Letter from Insomnia

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Letter from Insomnia

Accepting Li Po’s tragedy,
apocryphal or not,

we embrace her imperfect
reflection
rippling in the breeze,

but manage to surface.

I once thought I would name a child Luna
and she would glow at night

and like Hendrix, kiss the sky.
But that was whimsy

and only candles light this room
at this hour
on this particular day
in this year of the snake.

And what fool would reach for a stone orbiting at
1,023 meters per second?

There are clouds to consider, the stars
and the scattering rain

and of course wine
and the possibilities within each glass
and the drops therein.
We must discuss these matters

under her gaze, where smallness gathers.

* * *

This originally appeared in Middle Gray in October, 2013. It was written in response to a poem my friend Michael sent me, replying to this poem.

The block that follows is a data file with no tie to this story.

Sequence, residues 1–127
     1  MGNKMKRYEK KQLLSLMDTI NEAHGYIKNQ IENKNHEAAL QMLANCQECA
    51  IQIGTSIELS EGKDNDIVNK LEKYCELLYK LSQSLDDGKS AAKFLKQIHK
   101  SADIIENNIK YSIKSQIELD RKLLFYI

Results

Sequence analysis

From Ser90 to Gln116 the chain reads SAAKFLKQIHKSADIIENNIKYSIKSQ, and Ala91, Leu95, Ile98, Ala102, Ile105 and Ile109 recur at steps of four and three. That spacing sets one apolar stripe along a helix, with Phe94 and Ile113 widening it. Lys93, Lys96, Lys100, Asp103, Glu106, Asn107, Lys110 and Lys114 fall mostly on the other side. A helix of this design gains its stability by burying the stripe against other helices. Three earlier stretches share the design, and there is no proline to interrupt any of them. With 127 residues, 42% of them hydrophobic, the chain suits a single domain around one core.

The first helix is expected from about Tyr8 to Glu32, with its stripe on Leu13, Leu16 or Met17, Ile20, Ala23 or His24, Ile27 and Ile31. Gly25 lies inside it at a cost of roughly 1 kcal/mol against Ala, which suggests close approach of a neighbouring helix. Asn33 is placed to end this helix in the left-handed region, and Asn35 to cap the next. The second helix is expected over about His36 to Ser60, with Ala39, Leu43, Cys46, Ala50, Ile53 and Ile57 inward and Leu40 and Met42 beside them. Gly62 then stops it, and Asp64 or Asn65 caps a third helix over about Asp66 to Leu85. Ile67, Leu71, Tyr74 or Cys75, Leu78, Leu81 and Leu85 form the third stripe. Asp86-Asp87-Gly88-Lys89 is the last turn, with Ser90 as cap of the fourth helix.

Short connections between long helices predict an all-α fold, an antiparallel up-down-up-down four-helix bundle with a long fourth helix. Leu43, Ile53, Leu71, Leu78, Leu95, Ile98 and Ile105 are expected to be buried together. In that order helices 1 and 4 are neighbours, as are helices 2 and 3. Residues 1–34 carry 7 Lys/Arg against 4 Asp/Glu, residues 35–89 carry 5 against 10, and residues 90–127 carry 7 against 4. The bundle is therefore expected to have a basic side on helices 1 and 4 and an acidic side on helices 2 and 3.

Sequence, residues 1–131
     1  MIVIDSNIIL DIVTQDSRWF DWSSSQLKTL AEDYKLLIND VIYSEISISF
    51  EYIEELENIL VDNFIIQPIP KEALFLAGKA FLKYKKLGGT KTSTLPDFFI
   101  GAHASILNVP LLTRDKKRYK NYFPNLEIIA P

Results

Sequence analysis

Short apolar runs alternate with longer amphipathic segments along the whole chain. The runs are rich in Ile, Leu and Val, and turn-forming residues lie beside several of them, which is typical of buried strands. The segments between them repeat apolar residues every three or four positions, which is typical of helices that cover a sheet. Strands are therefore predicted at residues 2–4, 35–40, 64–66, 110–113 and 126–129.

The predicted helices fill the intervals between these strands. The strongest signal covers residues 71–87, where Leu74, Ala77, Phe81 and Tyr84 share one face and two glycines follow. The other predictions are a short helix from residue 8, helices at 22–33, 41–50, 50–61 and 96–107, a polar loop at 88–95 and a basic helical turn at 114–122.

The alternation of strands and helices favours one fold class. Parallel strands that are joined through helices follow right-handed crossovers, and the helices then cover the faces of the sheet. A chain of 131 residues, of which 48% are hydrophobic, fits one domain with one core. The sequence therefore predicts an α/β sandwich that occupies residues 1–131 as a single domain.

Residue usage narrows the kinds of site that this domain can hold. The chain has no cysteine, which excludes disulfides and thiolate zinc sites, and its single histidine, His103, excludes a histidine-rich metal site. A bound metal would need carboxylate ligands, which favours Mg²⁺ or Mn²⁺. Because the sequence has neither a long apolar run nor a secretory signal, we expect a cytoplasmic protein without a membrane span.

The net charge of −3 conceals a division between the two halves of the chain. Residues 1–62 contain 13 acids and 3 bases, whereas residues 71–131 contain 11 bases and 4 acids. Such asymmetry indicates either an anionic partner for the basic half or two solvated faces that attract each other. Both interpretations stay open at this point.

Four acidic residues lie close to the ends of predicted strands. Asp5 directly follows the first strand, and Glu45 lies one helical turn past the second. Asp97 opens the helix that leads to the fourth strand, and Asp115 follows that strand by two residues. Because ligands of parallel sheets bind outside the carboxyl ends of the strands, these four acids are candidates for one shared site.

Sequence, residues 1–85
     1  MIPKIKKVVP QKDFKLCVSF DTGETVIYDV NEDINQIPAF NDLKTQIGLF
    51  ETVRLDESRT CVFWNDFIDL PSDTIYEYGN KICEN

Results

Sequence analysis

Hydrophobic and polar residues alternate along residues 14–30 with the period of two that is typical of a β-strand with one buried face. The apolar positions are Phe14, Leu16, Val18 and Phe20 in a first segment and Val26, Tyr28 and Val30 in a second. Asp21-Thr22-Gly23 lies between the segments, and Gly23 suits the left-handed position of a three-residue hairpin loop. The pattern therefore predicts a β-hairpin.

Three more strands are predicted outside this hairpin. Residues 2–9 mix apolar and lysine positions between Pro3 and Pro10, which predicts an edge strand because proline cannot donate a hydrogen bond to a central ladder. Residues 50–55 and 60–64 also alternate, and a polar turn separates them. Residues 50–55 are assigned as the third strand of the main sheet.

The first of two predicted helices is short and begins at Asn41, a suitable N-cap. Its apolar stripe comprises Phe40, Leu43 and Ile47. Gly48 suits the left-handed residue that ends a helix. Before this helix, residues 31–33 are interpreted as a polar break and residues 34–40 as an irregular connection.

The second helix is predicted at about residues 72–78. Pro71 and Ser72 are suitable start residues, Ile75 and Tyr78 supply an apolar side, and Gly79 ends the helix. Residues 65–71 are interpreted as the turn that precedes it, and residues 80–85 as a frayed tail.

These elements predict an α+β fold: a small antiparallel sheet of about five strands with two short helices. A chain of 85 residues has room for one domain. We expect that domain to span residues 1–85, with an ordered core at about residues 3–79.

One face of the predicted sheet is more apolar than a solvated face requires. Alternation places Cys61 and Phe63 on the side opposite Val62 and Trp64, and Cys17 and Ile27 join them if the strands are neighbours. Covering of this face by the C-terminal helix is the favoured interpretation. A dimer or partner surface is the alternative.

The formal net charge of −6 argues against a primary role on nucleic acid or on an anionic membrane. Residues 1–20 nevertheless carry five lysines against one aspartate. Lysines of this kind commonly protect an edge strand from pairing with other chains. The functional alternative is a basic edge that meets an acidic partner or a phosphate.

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Letter from Austin

perfection

Letter from Austin

Michael, when you say moons do you see
cold stone floating in the firmament
or phrases frayed in the mouth and spat on paper?
And does the Spanish moon simmer at a similar
pace to mine or yours? Which embers blush brighter?
But let’s turn to estuaries, to salt and clamor and gun-
running poets and interrupted words sold in stalls
between parenthetical gates, to incomparable cavas
and the deterioration of envy and intervening years.
Or perhaps mislaid passion – a friend claims love
is merely a bad rash, that we scratch and scratch
and inflame but never truly cure what ails us. Sounds like
politics to me. Or sports. And business. Or neighborhoods.
On my street people should cook and play music together,
laugh, raise chickens and read good books. They should
brew beer, swap tomatoes, recite each other’s poetry and sing